How do we measure inequality?
Different tools have been created to measure inequality:
The Lorenz curve and the Gini coefficient
The Lorenz curve is a graphical representation of the distribution of wealth in a society. The further away from the bisector the curve is, the greater the inequality. The Gini coefficient, derived from the Lorenz curve, is the most widely used measure of income inequality in a society. Its value varies between 0 and 1, with 0 corresponding to a perfectly egalitarian distribution of total income, i.e. each individual has the same income, and 1 corresponding to a perfectly unequal distribution of total income, i.e. only one individual would have all the income. Thus, the higher the index, the greater the income inequality.
The Theil index measures the difference between the weight of an individual (or group) in the population and the weight of his or her income in the total income. An index of 0 indicates absolute equality, an index of 0.5 indicates inequality represented by a society where 74% of individuals have 26% of resources and 26% of individuals have 74% of resources, an index of 1 indicates inequality represented by a society where 82.4% of individuals have 17.6% of resources and 17.6% of individuals have 82.4% of resources. Less commonly used than the Gini index, the Theil index nevertheless has undeniable practical advantages. Its main advantage is that it can be decomposed ad infinitum by partitioning the population and then decomposing each group into different subgroups, in order to analyse the evolution of inequalities within and between different subpopulations.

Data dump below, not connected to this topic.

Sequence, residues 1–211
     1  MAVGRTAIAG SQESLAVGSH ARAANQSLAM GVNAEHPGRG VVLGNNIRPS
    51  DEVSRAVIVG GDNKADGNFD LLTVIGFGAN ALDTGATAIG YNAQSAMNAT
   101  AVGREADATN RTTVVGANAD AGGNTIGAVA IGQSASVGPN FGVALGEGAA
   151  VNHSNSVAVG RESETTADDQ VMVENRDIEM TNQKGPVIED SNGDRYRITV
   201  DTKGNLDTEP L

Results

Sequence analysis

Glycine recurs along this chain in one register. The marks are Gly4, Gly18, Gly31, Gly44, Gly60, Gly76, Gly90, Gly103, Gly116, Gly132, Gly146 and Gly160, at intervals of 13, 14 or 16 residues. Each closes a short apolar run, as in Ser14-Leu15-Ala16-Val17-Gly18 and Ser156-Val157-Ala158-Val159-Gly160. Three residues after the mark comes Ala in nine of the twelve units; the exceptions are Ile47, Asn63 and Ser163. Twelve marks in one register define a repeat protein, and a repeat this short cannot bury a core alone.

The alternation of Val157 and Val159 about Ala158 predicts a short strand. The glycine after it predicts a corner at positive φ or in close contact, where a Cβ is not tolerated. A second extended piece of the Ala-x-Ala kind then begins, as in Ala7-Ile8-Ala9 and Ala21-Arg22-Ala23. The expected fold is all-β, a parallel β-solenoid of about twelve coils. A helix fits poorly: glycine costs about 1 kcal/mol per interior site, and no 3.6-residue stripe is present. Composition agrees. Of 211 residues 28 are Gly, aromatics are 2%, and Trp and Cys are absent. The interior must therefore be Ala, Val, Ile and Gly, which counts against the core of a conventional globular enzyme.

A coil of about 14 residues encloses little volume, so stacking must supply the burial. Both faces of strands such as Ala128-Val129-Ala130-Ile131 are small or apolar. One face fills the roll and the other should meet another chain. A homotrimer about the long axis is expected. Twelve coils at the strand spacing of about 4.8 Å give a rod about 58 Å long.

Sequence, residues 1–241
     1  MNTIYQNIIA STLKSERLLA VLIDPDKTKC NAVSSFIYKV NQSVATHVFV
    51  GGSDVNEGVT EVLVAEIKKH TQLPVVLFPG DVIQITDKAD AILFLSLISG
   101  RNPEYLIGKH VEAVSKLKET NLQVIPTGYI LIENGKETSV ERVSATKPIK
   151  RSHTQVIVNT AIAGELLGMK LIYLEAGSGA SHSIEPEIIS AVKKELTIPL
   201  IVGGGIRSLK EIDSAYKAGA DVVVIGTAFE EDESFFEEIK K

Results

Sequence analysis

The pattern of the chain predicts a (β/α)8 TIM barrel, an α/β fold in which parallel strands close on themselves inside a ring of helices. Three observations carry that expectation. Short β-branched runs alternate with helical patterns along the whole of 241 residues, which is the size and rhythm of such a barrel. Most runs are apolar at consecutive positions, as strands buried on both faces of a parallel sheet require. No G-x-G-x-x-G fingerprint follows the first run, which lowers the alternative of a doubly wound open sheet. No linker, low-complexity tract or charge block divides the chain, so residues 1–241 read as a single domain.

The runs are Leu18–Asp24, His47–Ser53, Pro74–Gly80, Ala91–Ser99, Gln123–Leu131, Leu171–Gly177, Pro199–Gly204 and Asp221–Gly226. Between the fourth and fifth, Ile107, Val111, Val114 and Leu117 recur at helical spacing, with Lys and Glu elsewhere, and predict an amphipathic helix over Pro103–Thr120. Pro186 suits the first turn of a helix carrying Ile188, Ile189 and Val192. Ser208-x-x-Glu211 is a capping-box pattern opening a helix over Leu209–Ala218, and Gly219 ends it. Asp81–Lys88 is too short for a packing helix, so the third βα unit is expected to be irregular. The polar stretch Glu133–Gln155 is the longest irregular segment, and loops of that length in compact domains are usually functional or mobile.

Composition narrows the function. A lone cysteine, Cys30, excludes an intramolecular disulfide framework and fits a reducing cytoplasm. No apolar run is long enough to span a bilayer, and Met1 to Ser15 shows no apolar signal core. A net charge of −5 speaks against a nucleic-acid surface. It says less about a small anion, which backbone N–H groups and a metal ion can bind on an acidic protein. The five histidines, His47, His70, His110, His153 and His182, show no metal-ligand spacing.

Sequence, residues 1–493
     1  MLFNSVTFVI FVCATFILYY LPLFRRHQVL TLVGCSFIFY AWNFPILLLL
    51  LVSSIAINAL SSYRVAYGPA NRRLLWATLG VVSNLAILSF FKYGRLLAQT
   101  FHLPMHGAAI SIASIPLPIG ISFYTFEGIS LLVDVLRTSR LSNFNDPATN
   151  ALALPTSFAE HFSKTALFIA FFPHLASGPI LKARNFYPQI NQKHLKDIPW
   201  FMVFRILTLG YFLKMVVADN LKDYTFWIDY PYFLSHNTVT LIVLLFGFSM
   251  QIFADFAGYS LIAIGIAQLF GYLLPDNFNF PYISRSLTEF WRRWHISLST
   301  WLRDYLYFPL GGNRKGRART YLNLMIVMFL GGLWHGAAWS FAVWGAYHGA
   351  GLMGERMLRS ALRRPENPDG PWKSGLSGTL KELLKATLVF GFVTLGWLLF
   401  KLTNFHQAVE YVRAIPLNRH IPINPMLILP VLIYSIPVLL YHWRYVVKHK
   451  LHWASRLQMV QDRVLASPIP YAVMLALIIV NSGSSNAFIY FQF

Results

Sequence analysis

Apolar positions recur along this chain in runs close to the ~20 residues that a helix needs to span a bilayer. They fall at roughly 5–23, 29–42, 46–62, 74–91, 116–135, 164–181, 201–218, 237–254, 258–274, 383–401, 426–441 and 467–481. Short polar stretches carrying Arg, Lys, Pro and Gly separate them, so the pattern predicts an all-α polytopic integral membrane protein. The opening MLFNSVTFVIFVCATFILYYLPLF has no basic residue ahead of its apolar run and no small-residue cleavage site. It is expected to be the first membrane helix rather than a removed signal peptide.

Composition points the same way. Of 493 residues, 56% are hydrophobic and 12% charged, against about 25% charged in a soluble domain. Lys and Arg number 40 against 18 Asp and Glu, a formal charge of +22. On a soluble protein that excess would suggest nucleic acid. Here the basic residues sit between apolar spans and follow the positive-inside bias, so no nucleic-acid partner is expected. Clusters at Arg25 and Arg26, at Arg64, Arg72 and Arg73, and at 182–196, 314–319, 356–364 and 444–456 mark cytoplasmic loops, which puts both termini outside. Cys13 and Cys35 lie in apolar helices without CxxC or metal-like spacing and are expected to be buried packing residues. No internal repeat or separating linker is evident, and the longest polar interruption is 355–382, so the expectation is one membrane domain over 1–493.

The Atkinson Index
Like the Gini index, the Atkinson index varies between 0 and 1, with 0 representing perfect equality and 1 representing perfect inequality. The Atkinson index answers the following question: "If society could move towards a perfectly egalitarian distribution of income, what fraction of income would it be willing to give up to do so? This fraction is the Atkinson index. In other words, an Atkinson index of x% means that people would be willing to give up x% of their current income to make the distribution more equal.
Dispersion ratio by deciles: the Palma Ratio
The Palma index is a member of the family of inter-deciles ratios, the best known of which is the D90/D10 ratio. The Palma index is the sum of the income earned by households in the top decile (the top 10%) divided by the sum of the income earned by the 40% most vulnerable households. This indicator is based on the assumption that inequality is largely due to economic dynamics at the extreme ends of the resource distribution (earned income, accumulated savings) or, in other words, at the "tails" of the distribution. It provides a clear, synthetic measure of the extent to which higher tax rates paid by the rich and transfer payments received by the poor actually reduce income inequality in societies with progressive tax systems. Unlike the Gini coefficient, the index excludes from the calculation the middle class, located between the 40th and 90th percentiles, which account for about 50% to 60% of market income in empirical studies in different developed societies. The Palma thus measures inequality between the extremes of the distribution, i.e. between households at the top and the bottom.